Judith Revisited

Artifact takes on timeless story of biblical heroine in concert of dance and music

In the latter days of the Renaissance, the daring Italian painter Caravaggio painted a dark and violent canvas, "Judith Beheading Holofernes."

Painted in Caravaggio's characteristic chiaroscuro, veering between extreme shadow and brilliant light, it depicts a brutal killing, with a twist: the murderer is a young woman and the victim is a man. Standing in a beam of light, Judith is slicing off Holofernes's head. Her sword is deep into his neck, and his blood spurts out.

The Caravaggio painting—and the story it tells—has led to a new evening-length dance by Ashley Bowman, co-artistic director of Tucson's Artifact Dance Project. The narrative dance Judith, performed by a dozen dancers and an equal number of musicians, makes its debut Thursday night at Stevie Eller.

"The dance was inspired by the Caravaggio painting," Bowden says. "I saw it many years ago."

Painted around 1600, the audacious work depicts the key scene from The Book of Judith, an ancient tale about a heroic Jewish woman who saves the Israelites from an invading army. The man she kills is a general in the army of the Assyrian king, Nebuchadnezzar.

"This show is definitely different," Bowman says, marking the first time the troupe has tackled what could be considered a religious topic.

The Book of Judith has an odd history. Written a century or two before the birth of Christ, it's enshrined in the Catholic Bible, and while it was a familiar Jewish tale, it never made it into the accepted Jewish scriptures. The Reformation Protestants considered it apocryphal and deleted it from their Bible.

"In rehearsal I used the word 'God,' telling dancers, 'raise your arms up to God.'" But the tale could also be interpreted as more spiritual than religious, she notes.

"In some ways, the book is written like Aesop's Fables," a book that lays out simple tales of moral behavior. Even Catholic teachings hold that it's not a historical story but a guide for the faithful to trust in God's presence in good times and bad.

New company members Ilaria Guerra stars in the title role of the heroic Judith. An accomplished San Francisco dancer who trained with Alonzo King LINES Ballet, Guerra also performs with the Frisco contemporary ballet troupe dawsondancesf. Living part-time in Tucson, she dropped by the Artifact studio to take a class.

Bowman had long been wanting to convert the story of Judith into a dance work. When she saw Guerra, a dark-haired native of Italy, she knew that she had her Judith.

"She's really inspirational to work with," Bowman says.

Guerra in turn has been inspired by the role.

"Dancing the role of Judith is nothing like I have ever done before," she writes in an artist's note. She's versed in contemporary dance that, like Artifact, mixes ballet and modern dance. But she's not accustomed to the kind of story dance that Artifact is known for.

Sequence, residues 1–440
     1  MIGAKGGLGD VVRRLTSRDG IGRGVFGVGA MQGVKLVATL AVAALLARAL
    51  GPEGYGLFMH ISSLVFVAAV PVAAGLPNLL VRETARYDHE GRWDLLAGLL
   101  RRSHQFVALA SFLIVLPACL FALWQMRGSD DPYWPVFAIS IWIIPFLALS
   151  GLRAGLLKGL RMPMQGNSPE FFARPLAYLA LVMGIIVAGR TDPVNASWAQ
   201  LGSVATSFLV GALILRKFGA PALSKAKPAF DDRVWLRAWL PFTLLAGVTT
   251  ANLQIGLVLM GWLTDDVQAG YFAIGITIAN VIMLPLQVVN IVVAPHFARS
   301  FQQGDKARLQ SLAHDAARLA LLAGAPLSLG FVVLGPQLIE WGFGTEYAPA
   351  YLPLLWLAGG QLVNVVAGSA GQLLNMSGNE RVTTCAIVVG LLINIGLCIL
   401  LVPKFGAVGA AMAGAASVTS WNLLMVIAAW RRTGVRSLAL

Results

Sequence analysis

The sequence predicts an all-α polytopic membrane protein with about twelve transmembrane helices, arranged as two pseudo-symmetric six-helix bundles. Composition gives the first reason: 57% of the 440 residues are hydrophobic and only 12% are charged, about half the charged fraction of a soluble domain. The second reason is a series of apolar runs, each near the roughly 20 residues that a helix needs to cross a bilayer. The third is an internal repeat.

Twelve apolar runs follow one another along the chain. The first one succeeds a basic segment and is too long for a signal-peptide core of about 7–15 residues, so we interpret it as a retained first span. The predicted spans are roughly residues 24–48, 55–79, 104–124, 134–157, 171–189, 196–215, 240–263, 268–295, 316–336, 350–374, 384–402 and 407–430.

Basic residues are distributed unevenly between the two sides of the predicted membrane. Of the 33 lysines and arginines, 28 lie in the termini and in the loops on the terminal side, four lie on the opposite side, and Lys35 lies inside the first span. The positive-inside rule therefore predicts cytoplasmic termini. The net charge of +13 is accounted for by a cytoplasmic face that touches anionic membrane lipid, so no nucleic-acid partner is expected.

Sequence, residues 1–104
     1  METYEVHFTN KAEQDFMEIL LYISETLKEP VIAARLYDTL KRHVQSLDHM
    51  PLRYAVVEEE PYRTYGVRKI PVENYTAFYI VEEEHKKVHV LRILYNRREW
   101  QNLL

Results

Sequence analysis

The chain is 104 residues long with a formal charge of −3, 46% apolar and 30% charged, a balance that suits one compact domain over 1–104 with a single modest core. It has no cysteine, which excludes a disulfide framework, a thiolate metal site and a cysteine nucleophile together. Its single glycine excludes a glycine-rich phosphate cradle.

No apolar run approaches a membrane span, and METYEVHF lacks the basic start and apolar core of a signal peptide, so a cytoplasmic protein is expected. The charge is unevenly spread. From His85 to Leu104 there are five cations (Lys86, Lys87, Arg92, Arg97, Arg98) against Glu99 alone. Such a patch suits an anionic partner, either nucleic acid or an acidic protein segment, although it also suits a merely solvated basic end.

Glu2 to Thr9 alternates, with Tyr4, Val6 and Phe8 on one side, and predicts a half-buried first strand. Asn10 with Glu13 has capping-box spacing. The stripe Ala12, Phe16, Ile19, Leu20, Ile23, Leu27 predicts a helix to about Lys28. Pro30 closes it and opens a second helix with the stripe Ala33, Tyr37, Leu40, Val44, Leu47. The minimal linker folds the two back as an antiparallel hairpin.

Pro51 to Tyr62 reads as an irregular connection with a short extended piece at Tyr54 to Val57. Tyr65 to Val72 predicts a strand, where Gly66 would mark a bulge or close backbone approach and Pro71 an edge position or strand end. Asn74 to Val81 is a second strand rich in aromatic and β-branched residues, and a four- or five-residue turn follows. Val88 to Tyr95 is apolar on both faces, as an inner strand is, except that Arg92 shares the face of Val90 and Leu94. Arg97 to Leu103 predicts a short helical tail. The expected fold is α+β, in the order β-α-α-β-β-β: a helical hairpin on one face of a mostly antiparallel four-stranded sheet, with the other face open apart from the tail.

"With Judith, I am being asked to fully immerse myself emotionally into the life of my character," she notes, "and express her experiences in a human way."

In a sense, Guerra and opera soprano Korby Myrick both represent Judith in the concert, Guerra through movement and Myrick through voice.

"Throughout Korby sings the voice of Judith," Bowman says, representing the woman's thoughts through music by the British composer Michael Nyman. "She has a beautiful voice."

Myrick has collaborated with Artifact in several other concerts, including last season's Animal Farm. Her husband, Richard Hereld, accompanies her on piano.

Music for the production also includes work by Sergei Prokofiev, played live by a large chamber ensemble of musicians on violins, viola, flute, cello, oboe, clarinet, bassoon, horn, and percussion.

Artifact's Marquez Johnson dances the lead part of the ill-fated general. Becky Belanger is Judith's maidservant and Nathanael Myers plays King Nebuchadnezzar.

Artifact has made a name for itself creating narrative dance pieces drawn from other art forms. For the Judith story, committed to canvas by Caravaggio and many other early Baroque painters, Bowman tapped art historian Kevin Justus to map out a script.

"He was really excited to do it," Bowman says. "He wrote out an adaptation scene by scene. Almost every show we do has a script, scene by scene, even though there's no spoken word."

Focusing on the two lead characters, Judith and Holofernes, "We tell a lot about their history," Bowman says.

"We look at the journey of Judith—she's a widow who goes from a terrible state of mourning to realizing she is meant to do this thing to save her city."

And the narrative tries to untangle why Holofernes is "so messed up," as Bowman puts it. "We have a brutal scene of him losing his brother or a comrade."

Bowman, who created all the choreography for the hour-and-a-half show, doesn't consider the piece to be explicitly feminist. She considers it a timeless story that combines heroism and spirituality.

"It's more a piece relevant to any period—it's about the oppression of people, in this case the Jews, and about genocidal leaders, like Nebuchadnezzar," she says. "In this story it happens to be a woman who rises up."